Lipids, Fatty acid, Triacylglycerol

Lipids are derived from greek work lipos which means fat. These are principal storage sources of energy and play vital roles in cellular structure, and also have a role in various biological reactions.

It is difficult to define the term lipid accurately because lipids represent heterogeneous groups of compounds. But simply we can understand lipid as the ester of fatty acid and its derivatives. Lipids are organic compounds, insoluble in water but soluble in organic solvents like alcohol, ether, etc. Many of us may consider lipid as a polymer but this is not true. Actually, lipids are simple compounds, not polymers.

Classification of Lipids

Lipids are classified into the following types.

Simple lipids

These are the ester of fatty acid with an alcohol. On the basis of types of alcohol, it is further divided into two categories.

a. Fats and Oil: These are the ester of fatty acid with glycerol. Then what is the difference between fats and oil? The main difference is their physical state. Fats are solid and oils are liquid at room temperature.

b. Waxes: These are the ester of long-chain fatty acid with alcohol other than glycerol. Generally, Cetyl alcohol is found in waxes.

Compound/complex lipids

These are the ester of fatty acid with alcohol and contain other additional groups like protein, phosphate, nitrogenous bases, carbohydrates, etc. On the basis of these additional groups, complex lipids are further classified into the following types.

a. Phospholipids: These lipids contain phosphoric acid in addition to alcohol and fatty acid. If the alcohol is glycerol then phospholipid is termed Glycerophospholipid. For example Lecithin and cephalin. If the alcohol is Sphingosine, then phospholipid is called Sphingophospholipid.


b. Glycolipids: These lipids contain carbohydrates in addition to fatty acid and nitrogenous bases. Generally, alcohol is sphingosine. These lack Glycerol and phosphate. For example: Gangliosides, cerebroside.

c. Lipoproteins: These lipids contain proteins in addition to fatty acids and alcohol. These are macromolecular complexes.

Derived lipids

These are the lipids formed by the hydrolysis of simple lipids and complex lipids.

Miscellaneous lipids

These include a large number of compounds having the characteristics of lipids. For example Carotenoids, terpenes, etc.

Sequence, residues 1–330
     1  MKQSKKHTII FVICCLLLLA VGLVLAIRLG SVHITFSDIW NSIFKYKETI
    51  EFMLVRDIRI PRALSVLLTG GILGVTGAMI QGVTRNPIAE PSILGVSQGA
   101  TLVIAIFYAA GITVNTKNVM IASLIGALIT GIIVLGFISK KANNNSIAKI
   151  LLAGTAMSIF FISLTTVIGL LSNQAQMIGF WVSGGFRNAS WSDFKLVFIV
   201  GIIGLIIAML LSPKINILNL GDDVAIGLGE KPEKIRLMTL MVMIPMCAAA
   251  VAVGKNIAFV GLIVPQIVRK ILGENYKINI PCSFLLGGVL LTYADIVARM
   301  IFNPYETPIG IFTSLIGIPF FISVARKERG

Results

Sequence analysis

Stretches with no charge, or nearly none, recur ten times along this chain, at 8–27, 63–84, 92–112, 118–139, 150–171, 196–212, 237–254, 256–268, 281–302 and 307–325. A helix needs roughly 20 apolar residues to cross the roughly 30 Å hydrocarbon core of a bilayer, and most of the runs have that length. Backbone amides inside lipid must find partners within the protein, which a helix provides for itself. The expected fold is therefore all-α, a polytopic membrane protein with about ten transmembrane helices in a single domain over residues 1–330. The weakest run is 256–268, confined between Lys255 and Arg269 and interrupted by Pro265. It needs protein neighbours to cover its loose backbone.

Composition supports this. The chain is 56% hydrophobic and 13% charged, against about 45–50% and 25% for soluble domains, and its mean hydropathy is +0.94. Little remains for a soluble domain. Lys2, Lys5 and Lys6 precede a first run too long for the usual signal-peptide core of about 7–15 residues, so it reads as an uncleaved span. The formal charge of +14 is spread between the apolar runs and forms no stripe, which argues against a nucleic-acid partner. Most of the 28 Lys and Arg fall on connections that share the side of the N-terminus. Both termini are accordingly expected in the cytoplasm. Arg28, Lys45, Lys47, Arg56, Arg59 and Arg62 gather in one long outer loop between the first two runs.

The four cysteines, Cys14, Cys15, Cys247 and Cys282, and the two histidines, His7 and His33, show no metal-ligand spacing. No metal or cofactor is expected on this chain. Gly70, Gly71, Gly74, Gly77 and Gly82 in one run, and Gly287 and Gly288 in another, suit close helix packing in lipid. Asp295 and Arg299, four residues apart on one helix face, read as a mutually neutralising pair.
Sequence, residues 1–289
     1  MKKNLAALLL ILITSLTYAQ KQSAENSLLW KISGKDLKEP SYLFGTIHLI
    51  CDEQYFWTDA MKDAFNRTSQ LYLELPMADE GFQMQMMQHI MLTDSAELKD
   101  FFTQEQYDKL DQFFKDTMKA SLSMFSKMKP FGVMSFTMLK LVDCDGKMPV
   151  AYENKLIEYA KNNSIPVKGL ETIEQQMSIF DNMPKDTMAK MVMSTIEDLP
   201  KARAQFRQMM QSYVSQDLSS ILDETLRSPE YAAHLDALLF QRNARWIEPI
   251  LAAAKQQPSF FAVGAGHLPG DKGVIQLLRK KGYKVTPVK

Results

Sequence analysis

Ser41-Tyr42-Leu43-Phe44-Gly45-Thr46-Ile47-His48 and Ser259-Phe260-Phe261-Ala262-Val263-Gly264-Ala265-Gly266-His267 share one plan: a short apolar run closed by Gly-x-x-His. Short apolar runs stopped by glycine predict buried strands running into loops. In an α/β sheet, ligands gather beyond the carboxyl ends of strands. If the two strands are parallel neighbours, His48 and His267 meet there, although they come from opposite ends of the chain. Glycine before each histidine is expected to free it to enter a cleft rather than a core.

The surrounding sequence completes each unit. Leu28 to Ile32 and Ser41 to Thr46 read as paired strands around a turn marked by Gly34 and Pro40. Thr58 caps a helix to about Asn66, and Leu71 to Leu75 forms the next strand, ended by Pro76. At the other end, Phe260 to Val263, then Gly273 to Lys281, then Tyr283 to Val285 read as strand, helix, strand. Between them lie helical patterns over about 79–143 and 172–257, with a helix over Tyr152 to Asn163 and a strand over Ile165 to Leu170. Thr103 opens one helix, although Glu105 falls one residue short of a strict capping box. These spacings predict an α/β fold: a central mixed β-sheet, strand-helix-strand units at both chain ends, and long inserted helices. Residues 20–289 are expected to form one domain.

Function of lipids

  1. Lipids are the fuel reserves of body
  2. These are the constituents of cell membranes and regulate the permeability of the membranes.
  3. These are the source of fat-soluble vitamins like vitamin D, A, K, and E.
  4. . Lipids act as insulating materials and protect the internal organs.
  5. It gives shape and a smooth look to the body.
  6. Some of the lipids are cellular metabolic regulators such as steroid hormones and prostaglandin

Fatty acids

These are the longest chain carboxylic acids and are regarded as the simplest form of lipids.
Fatty acids are generally present in the form of ester as the main constituents of lipids.

Saturated and Unsaturated fatty acid

If the fatty acid does not contain the C-C double bond in the structure, then it is called saturated fatty acid. Similarly, if the fatty acid contains C-C double bond in the structure then it is called unsaturated fatty acid. Palmitic acid, Lauric acid, and Stearic acid are examples of saturated fatty acids while Oleic acid, Palmitoleic acid, Linoleic acid, and Linolenic acid are examples of unsaturated fatty acids.

saturated and unsaturated fatty acid

Essential fatty acid

Essential fatty acids are fatty acids that cannot be produced by the organism and must thus be obtained from the diet. Examples of essential fatty acids are linoleic acid, Linolenic acid, and Arachidonic acid. These fatty acids should be included in the diet because the human body lacks the enzyme that can introduce double bonds beyond carbons 9 to 10. Essential fatty acids are essential for membrane construction and function, cholesterol transfer, lipoprotein synthesis, the prevention of fatty liver, etc.


These are the ester of glycerol with fatty acid. These are insoluble in water and lack polar properties. These are also known as triglycerides. The structure of triacylglycerol is shown below.

There are two types of triacylglycerols.

a.Simple triacylglycerol: If the fatty acids are of the same type then these are called simple types. For example: tristearoyl glycerol

b.Mixed triacylglycerol: If the fatty acids are of different types then these are called mixed types. Generally, the C-1 of glycerol contains saturated, C-2 contains unsaturated and C-3 may contain either of them. An example of these is 1,3-palmitoyl 2-linoleoyl glycerol


Amphipathic Lipids

The lipids that possess both hydrophilic and hydrophobic groups are called amphipathic lipids. Examples of amphipathic lipids include fatty acids, phospholipids, sphingolipids, bile salts, etc.

Amphipathic lipids

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